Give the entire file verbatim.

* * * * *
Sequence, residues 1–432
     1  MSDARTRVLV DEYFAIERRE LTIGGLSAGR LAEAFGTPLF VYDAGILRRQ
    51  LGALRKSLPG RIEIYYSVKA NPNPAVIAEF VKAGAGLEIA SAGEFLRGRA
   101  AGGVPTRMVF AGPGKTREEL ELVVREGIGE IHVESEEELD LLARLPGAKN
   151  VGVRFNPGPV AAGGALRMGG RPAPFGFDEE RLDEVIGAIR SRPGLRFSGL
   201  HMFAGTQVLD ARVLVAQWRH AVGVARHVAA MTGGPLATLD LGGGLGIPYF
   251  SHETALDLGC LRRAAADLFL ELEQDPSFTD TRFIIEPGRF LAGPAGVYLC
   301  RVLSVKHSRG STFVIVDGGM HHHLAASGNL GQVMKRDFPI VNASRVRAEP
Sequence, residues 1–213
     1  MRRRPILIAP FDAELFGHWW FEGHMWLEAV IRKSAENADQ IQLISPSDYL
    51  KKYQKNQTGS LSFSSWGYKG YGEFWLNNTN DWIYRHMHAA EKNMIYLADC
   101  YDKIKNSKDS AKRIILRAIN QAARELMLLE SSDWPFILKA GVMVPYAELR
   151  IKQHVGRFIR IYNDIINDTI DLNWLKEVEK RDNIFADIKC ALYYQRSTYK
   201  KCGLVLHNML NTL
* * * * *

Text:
Sequence, residues 1–432
     1  MSDARTRVLV DEYFAIERRE LTIGGLSAGR LAEAFGTPLF VYDAGILRRQ
    51  LGALRKSLPG RIEIYYSVKA NPNPAVIAEF VKAGAGLEIA SAGEFLRGRA
   101  AGGVPTRMVF AGPGKTREEL ELVVREGIGE IHVESEEELD LLARLPGAKN
   151  VGVRFNPGPV AAGGALRMGG RPAPFGFDEE RLDEVIGAIR SRPGLRFSGL
   201  HMFAGTQVLD ARVLVAQWRH AVGVARHVAA MTGGPLATLD LGGGLGIPYF
   251  SHETALDLGC LRRAAADLFL ELEQDPSFTD TRFIIEPGRF LAGPAGVYLC
   301  RVLSVKHSRG STFVIVDGGM HHHLAASGNL GQVMKRDFPI VNASRVRAEP
Sequence, residues 1–213
     1  MRRRPILIAP FDAELFGHWW FEGHMWLEAV IRKSAENADQ IQLISPSDYL
    51  KKYQKNQTGS LSFSSWGYKG YGEFWLNNTN DWIYRHMHAA EKNMIYLADC
   101  YDKIKNSKDS AKRIILRAIN QAARELMLLE SSDWPFILKA GVMVPYAELR
   151  IKQHVGRFIR IYNDIINDTI DLNWLKEVEK RDNIFADIKC ALYYQRSTYK
   201  KCGLVLHNML NTL